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Air Combat Maneuvering Instrumentation (ACMI) Section TACTS/ACMI GAP Sources


ROCAF installed its Tactical Aircrew Combat training System/Air Combat Maneuvering Instrumentation (TACTS/ACMI) training range at Taitung (Chihhang) AFB in July 1988, with assistance from the United States. This system used multilateration ground position techniques to calculate Time-Space-Position Information (TSPI) of the aircraft. This technique requires multiple instrumented sites to be in line-of-sight with the aircraft at all times. Such a system is thus termed "tethered". The airborne segment of ROCAF TACTS/ACMI system consisted of 27 Airborne Instrumentation Subsystem (AIS) pods, which could transmit essential aircraft data to ground instrumented sites.

With this system, the accuracy of the calculated position is dependent on the relative position of the aircraft and the instumented sites, of which a minimum of 3 are required at all times to track the participants. The size of the effective training range airspace is limited by the number and placement of ground instrumented sites. Hence, the training airspace was restricted to off the coast of Taitung. As China introduced advanced fighters, such as the Su-27, the system has become since obsolete. In mid 1990s, ROCAF decided to upgrade the system to expand training range airspace.


In April 1999, the U.S. Air Force awarded San Diego-based Cubic Corporation a $28 million FMS contract to provide an upgraded for the tethered TACTS/ACMI system. The GPS ACMI Program (GAP), as the program is called, includes 24 AIS pods, six sets of display and debriefing equipment, and other subsystems. Cubic delivered the Taiwan GAP in December 2000. ROCAF confirmed completion of the installation in July 2002.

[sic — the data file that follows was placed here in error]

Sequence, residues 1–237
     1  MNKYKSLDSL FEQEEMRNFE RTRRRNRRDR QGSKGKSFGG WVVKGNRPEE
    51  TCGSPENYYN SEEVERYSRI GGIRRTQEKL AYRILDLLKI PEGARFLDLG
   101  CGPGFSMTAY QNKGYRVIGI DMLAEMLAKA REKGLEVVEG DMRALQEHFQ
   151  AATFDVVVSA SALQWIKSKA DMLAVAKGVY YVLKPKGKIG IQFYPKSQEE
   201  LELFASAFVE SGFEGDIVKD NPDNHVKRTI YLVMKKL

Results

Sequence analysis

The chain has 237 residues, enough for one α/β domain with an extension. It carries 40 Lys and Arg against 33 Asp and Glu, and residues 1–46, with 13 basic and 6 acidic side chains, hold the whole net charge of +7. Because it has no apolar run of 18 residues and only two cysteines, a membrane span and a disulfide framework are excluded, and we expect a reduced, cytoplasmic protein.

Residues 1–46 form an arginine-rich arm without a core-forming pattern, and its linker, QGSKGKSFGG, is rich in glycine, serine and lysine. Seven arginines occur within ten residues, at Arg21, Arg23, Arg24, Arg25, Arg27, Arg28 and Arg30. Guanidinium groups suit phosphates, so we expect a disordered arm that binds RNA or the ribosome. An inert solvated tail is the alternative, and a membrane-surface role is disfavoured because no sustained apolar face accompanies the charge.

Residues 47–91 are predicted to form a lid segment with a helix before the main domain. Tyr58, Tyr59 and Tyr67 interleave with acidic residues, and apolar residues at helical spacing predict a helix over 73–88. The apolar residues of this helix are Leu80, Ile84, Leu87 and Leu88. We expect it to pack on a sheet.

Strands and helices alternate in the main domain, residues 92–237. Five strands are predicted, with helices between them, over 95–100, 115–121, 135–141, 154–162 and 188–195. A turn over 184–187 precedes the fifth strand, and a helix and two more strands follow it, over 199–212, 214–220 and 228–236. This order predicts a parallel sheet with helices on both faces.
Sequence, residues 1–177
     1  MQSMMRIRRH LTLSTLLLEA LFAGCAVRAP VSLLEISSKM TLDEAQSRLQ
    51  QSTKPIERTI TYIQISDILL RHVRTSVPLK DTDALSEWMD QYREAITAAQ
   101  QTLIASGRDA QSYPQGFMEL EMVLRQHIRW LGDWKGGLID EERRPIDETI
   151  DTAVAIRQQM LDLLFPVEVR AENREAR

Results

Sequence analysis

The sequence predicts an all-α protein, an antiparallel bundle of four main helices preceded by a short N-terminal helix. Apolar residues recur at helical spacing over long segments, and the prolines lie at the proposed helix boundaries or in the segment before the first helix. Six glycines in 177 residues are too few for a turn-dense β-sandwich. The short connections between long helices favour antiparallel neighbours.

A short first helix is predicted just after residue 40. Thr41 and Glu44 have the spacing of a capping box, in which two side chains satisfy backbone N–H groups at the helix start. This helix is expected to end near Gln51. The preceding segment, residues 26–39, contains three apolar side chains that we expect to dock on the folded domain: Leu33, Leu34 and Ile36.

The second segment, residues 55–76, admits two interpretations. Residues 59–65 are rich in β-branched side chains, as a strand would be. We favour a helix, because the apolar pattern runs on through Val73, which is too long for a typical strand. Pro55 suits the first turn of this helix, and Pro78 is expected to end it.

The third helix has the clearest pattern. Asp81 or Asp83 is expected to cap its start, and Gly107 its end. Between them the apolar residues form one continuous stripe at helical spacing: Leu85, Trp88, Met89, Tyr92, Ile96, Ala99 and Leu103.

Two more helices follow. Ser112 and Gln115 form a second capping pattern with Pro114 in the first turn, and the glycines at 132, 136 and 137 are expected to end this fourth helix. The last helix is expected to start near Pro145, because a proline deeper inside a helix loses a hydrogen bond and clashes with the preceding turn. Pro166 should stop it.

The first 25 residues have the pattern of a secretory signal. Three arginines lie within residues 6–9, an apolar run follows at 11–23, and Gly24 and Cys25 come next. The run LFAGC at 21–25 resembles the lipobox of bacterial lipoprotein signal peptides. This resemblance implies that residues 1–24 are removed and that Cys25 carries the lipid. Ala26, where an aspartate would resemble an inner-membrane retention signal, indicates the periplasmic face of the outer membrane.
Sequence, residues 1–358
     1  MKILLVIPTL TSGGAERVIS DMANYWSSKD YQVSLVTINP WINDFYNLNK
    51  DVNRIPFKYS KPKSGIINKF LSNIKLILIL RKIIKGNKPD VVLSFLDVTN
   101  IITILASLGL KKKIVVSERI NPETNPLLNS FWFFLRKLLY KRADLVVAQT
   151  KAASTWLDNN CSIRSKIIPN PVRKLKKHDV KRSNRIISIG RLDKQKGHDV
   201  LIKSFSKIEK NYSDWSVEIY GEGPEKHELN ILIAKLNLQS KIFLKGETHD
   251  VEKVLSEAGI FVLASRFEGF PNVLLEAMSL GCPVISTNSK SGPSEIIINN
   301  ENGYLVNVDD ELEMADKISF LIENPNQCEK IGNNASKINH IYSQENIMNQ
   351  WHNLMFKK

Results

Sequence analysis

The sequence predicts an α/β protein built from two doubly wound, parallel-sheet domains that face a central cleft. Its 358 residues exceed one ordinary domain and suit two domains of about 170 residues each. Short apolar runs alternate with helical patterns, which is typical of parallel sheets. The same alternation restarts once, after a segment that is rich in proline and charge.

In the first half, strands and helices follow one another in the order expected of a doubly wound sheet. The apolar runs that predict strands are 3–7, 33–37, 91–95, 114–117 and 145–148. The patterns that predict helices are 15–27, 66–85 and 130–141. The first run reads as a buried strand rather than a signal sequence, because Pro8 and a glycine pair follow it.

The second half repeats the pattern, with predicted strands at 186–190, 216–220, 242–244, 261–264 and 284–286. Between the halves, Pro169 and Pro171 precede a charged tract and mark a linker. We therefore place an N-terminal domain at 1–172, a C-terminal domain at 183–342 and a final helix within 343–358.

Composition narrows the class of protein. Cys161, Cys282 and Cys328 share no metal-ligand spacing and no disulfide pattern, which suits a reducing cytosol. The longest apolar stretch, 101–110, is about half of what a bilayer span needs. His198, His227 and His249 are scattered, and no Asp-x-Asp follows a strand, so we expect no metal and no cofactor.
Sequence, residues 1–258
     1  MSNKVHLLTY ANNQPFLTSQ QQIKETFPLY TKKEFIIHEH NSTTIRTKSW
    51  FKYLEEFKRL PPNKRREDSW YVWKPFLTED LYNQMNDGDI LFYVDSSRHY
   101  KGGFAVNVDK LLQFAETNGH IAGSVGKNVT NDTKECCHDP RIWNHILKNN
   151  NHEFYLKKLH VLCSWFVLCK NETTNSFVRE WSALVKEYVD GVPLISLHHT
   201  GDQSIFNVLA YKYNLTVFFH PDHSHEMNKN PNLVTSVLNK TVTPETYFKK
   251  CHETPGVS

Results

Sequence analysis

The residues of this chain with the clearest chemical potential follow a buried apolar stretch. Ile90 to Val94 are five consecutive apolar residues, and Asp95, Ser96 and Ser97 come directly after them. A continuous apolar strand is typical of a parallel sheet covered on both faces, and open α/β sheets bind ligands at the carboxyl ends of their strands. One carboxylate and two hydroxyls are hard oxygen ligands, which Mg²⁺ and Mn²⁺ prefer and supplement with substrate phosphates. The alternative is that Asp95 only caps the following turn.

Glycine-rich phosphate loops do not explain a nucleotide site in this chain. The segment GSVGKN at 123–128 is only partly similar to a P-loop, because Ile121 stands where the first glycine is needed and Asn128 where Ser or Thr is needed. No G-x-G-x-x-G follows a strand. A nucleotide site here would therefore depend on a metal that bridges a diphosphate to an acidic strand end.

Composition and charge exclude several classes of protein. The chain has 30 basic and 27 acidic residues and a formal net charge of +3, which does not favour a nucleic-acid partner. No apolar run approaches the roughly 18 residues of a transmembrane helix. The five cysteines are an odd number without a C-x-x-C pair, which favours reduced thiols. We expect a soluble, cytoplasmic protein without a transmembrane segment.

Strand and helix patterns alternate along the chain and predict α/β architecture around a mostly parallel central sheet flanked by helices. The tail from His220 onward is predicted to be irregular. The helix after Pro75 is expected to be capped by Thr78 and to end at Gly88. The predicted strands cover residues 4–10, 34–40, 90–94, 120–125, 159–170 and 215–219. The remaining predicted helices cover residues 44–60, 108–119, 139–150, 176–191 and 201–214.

Using GPS technology, the new "rangeless" system allows pilots to train in any available airspace without reliance on a tethered range. The system is based on the Nellis Air Combat Training System (NACTS) at Nellis AFB, which supports up to 100 high-activity aircraft and up to 100 simultaneous weapon simulations in a single training exercise. Taiwan's system supports pilot training in the F-5, F-16, and IDF.

In April 2002, the U.S. Air Force awarded Cubic Corporation another $6 million contract to provide upgrades to the Taiwan GAP. The software and hardware upgrades will increase the range's air coverage for real-time missions and improve the training capability of the existing ACMI system. The enhancements include the addition of two remote sites, new weapon simulations, and changes that will allow ROCAF to maintain training capability despite cellular telephone interference. Work is scheduled to be completed in March 2004.


 Last update: 12/02/04 TaiwanAirPower > Air Force > Top